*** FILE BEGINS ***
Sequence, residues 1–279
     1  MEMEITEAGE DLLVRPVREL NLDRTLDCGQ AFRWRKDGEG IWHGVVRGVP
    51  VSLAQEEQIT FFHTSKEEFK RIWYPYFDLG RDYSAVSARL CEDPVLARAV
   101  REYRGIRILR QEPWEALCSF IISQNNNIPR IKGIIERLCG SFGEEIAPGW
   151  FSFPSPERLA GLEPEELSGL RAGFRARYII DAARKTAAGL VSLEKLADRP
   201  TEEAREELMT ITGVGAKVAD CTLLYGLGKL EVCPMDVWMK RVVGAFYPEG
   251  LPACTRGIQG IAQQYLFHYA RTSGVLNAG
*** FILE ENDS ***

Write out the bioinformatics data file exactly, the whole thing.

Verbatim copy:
Sequence, residues 1–279
     1  MEMEITEAGE DLLVRPVREL NLDRTLDCGQ AFRWRKDGEG IWHGVVRGVP
    51  VSLAQEEQIT FFHTSKEEFK RIWYPYFDLG RDYSAVSARL CEDPVLARAV
   101  REYRGIRILR QEPWEALCSF IISQNNNIPR IKGIIERLCG SFGEEIAPGW
   151  FSFPSPERLA GLEPEELSGL RAGFRARYII DAARKTAAGL VSLEKLADRP
   201  TEEAREELMT ITGVGAKVAD CTLLYGLGKL EVCPMDVWMK RVVGAFYPEG
   251  LPACTRGIQG IAQQYLFHYA RTSGVLNAG